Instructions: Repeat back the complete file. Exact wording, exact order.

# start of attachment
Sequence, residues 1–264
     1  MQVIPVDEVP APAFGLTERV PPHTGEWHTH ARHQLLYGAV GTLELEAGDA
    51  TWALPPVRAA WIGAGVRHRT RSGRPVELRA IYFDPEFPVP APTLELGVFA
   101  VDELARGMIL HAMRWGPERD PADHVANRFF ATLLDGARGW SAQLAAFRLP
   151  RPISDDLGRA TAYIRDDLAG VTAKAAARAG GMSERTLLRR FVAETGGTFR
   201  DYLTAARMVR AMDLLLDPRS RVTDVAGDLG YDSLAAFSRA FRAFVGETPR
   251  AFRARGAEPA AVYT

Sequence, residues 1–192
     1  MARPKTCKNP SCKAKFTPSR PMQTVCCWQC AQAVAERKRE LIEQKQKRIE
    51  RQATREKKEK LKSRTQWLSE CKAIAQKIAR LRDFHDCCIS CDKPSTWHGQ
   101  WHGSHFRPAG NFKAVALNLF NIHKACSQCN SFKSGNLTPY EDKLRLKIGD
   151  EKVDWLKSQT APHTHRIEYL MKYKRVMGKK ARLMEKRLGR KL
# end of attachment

Sequence, residues 1–264
     1  MQVIPVDEVP APAFGLTERV PPHTGEWHTH ARHQLLYGAV GTLELEAGDA
    51  TWALPPVRAA WIGAGVRHRT RSGRPVELRA IYFDPEFPVP APTLELGVFA
   101  VDELARGMIL HAMRWGPERD PADHVANRFF ATLLDGARGW SAQLAAFRLP
   151  RPISDDLGRA TAYIRDDLAG VTAKAAARAG GMSERTLLRR FVAETGGTFR
   201  DYLTAARMVR AMDLLLDPRS RVTDVAGDLG YDSLAAFSRA FRAFVGETPR
   251  AFRARGAEPA AVYT

Sequence, residues 1–192
     1  MARPKTCKNP SCKAKFTPSR PMQTVCCWQC AQAVAERKRE LIEQKQKRIE
    51  RQATREKKEK LKSRTQWLSE CKAIAQKIAR LRDFHDCCIS CDKPSTWHGQ
   101  WHGSHFRPAG NFKAVALNLF NIHKACSQCN SFKSGNLTPY EDKLRLKIGD
   151  EKVDWLKSQT APHTHRIEYL MKYKRVMGKK ARLMEKRLGR KL